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Hackers leave Cobalt Strike in favor of Sliver toolkit

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Threat actors are dumping the Cobalt Strike penetration testing suite in favor of similar frameworks that are less known. After Brute Ratel, the open-source, cross-platform kit called Sliver is becoming an attractive alternative.

However, malicious activity using Sliver can be detected using hunting queries drawn from analyzing the toolkit, how it works, and its components.

Migrating away from Cobalt Strike

Over the past years, Cobalt Strike has grown in popularity as an attack tool for various threat actors, including ransomware operations, to drop on compromised networks “beacons” that allow moving laterally to high-value systems.

Since defenders have learned to detect and stop attacks relying on this toolkit, hackers are trying other options that can evade Endpoint Detection and Response (EDR) and antivirus solutions.

Facing stronger defenses against Cobalt Strike, threat actors have found alternatives. Palo Alto Networks observed them switch to Brute Ratel, an adversarial attack simulation tool designed to elude security products.

A report from Microsoft notes that hackers, from state-sponsored groups to cybercrime gangs, are more and more using in attacks the Go-based Sliver security testing tool developed by researchers at BishopFox cybersecurity company.

“Microsoft has observed the Sliver command-and-control (C2) framework now being adopted and integrated in intrusion campaigns by nation-state threat actors, cybercrime groups directly supporting ransomware and extortion, and other threat actors to evade detection” – Microsoft

One group that adopted Sliver is tracked as DEV-0237 by Microsoft. Also known as FIN12, the gang has been linked to various ransomware operators.

The gang has distributed ransomware payloads from various ransomware operators in the past (Ryuk, Conti, Hive, Conti, and BlackCat) via various malware, including BazarLoader and TrickBot.

According to a report from UK’s Government Communications Headquarters (GCHQ), state-sponsored actors in Russia, specifically APT29 (a.k.a. Cozy Bear, The Dukes, Grizzly Steppe) have also used Sliver to maintain access to compromised environments.

Microsoft notes that Sliver has been deployed in more recent attacks using the Bumblebee (Coldtrain) malware loader, which is associated with the Conti syndicate as a replacement for BazarLoader.

Hunting for Sliver-based activity

Despite being a novel threat, there are methods to detect malicious activity caused by the Sliver framework as well as by stealthier threats.

Microsoft provides a set of tactics, techniques, and procedures (TTPs) that defenders can use to identify Sliver and other emerging C2 frameworks.

Since the Sliver C2 network supports multiple protocols (DNS, HTTP/TLS, MTLS, TCP) and accepts implants/operator connections, and can host files to mimic a legitimate web server, threat hunters can set up listeners to identify anomalies on the network for Sliver infrastructure.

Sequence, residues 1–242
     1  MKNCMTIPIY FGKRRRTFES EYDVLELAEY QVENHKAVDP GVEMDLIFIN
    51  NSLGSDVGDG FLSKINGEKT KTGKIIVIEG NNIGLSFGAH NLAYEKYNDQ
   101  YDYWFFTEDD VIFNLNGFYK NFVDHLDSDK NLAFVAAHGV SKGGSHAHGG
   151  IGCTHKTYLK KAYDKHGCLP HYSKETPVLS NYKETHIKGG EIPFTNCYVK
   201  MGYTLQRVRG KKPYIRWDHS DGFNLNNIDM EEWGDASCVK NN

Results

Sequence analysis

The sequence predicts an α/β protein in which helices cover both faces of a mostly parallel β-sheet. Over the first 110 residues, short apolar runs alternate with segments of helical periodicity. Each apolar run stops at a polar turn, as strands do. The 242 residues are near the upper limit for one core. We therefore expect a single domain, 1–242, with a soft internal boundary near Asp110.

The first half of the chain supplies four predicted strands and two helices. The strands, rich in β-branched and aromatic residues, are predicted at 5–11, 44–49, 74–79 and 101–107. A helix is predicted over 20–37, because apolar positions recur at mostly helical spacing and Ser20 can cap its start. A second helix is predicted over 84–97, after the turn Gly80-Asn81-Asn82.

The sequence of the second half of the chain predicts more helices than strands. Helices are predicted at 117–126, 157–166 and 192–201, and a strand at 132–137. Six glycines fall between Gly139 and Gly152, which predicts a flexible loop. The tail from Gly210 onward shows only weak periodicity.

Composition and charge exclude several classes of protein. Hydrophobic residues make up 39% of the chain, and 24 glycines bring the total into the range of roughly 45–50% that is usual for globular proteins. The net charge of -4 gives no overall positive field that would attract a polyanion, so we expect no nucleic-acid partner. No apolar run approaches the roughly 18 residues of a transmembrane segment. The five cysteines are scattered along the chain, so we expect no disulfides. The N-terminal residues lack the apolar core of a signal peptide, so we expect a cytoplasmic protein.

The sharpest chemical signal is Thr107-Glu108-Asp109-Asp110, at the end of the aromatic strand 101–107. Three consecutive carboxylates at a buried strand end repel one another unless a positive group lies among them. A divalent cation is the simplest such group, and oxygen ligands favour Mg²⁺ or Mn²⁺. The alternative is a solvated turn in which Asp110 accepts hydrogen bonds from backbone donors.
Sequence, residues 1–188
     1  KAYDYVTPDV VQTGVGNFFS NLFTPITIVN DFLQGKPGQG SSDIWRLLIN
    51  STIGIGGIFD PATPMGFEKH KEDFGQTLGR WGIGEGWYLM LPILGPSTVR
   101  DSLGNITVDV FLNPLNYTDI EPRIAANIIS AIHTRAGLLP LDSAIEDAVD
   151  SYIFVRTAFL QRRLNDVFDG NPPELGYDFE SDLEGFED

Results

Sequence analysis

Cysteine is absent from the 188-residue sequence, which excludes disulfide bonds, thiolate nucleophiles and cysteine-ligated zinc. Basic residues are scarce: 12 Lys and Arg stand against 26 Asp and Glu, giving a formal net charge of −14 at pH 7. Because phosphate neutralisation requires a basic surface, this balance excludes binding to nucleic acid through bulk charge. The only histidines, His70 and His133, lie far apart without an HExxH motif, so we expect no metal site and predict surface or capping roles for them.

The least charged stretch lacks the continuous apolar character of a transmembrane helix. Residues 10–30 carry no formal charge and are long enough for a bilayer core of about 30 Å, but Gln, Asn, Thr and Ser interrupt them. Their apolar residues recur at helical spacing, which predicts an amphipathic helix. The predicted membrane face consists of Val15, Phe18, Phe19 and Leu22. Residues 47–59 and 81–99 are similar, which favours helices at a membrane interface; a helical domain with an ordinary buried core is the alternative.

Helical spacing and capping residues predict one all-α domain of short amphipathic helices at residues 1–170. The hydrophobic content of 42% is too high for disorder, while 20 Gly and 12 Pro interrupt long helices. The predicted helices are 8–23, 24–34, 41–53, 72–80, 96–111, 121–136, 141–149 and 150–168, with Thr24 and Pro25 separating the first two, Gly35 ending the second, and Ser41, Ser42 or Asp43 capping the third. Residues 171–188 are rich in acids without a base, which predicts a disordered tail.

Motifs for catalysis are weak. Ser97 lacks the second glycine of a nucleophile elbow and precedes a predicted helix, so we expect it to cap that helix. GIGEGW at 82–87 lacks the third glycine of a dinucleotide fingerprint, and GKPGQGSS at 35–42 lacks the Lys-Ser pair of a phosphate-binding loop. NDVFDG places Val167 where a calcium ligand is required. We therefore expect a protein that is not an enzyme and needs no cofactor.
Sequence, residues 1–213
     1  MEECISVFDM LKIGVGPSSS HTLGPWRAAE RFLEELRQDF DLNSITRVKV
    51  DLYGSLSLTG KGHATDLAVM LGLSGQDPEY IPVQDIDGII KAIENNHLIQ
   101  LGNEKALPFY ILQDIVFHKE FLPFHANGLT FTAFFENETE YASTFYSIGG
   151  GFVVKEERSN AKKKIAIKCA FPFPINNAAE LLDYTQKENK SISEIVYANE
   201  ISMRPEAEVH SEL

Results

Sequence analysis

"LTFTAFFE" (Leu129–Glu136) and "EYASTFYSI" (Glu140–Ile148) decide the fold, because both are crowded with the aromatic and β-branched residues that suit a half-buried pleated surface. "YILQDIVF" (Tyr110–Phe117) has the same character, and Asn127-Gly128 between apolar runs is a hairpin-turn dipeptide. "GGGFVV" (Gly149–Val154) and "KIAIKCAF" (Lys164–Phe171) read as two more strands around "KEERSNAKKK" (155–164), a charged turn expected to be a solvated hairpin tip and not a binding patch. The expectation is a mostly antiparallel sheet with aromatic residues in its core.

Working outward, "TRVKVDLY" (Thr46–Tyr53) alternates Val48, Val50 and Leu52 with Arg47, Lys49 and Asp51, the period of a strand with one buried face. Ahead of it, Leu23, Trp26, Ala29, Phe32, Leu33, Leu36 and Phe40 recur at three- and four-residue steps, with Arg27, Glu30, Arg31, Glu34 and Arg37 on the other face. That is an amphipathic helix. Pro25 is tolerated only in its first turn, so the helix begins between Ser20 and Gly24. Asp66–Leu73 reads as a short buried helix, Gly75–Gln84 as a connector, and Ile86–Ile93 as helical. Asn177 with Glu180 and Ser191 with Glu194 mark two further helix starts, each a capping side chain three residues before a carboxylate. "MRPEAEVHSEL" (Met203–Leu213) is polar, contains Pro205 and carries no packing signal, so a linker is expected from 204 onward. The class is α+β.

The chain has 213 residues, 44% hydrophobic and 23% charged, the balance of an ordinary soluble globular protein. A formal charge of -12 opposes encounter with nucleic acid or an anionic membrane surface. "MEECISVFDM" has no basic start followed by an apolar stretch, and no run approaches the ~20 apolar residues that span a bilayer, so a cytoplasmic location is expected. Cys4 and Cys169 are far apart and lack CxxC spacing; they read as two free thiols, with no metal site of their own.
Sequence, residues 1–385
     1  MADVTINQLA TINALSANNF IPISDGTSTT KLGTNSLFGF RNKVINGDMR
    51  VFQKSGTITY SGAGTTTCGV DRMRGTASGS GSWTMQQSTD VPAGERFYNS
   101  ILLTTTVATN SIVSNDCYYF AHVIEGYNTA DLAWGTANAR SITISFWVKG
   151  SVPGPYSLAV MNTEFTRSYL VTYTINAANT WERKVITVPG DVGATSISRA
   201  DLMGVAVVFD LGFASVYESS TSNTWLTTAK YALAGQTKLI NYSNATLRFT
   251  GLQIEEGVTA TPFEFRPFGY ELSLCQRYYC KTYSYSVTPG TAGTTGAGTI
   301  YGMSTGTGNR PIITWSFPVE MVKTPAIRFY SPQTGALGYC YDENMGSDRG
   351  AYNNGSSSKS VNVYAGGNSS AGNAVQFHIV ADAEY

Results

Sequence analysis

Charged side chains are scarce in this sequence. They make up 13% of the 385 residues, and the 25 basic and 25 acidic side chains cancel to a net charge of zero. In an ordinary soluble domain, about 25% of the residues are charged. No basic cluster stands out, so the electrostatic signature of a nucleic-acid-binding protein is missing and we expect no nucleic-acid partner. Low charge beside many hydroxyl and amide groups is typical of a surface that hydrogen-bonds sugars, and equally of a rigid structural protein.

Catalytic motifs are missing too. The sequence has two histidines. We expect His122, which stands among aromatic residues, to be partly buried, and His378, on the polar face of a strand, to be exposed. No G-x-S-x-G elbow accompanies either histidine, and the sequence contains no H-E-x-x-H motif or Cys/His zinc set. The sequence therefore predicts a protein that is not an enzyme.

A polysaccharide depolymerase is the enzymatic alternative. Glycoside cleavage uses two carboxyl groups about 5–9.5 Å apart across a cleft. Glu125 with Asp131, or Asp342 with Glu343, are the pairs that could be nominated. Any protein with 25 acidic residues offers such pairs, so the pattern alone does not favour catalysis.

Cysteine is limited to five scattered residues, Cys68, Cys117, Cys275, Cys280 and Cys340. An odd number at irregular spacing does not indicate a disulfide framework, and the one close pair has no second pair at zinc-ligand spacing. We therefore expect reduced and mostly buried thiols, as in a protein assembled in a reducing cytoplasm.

“Some common artifacts are unique HTTP header combinations and JARM hashes, the latter of which are active fingerprinting techniques for TLS servers [methodology for Sliver and Bumblebee from RiskIQ]” – Microsoft

Microsoft also shared information on how to detect Sliver payloads (shellcode, executables, shared libraries/DLLs, and services) generated using the official, non-customized codebase for the C2 framework.

Detection engineers can create loader-specific detections [e.g. Bumblebee] or, if the shellcode isn’t obfuscated, rules for the shellcode payload that is embedded in the loader.

For Sliver malware payloads that don’t have much context, Microsoft recommends extracting configurations when they’re loaded into memory since the framework has to de-obfuscate and decrypt them to be able to use them.

Scanning the memory could enable researchers to extract details such as configuration data:

Cobalt Strike

Threat hunters can also look for commands used for process injection, which the default Sliver code achieves without deviating from common implementations. Among the commands used for this are:

  • migrate (command) – migrate into a remote process
  • spawndll (command) – load and run a reflective DLL in a remote process
  • sideload (command) – load and run a shared object (shared library/DLL) in a remote process
  • msf-inject (command) – inject a Metasploit Framework payload into a process
  • execute-assembly (command) – load and run a .NET assembly in a child process
  • getsystem (command) – spawn a new Sliver session as the NT AUTHORITY\SYSTEM User

Microsoft notes that the toolkit also relies on extensions and aliases (Beacon Object Files (BFOs), .NET apps, and other third-party tooling) for command injection.

The framework also uses PsExect to run commands allowing for lateral movement.

To make it easier for enterprises protected by Defender to identify Sliver activity in their environment, Microsoft has created for the aforementioned commands a set of hunting queries that can run in the Microsoft 365 Defender portal.

Microsoft underlines that the provided detection rule sets and hunting guidance are for the Sliver codebase that is currently available publicly. The use of customized variants is likely to impact detection based on Microsoft’s queries.


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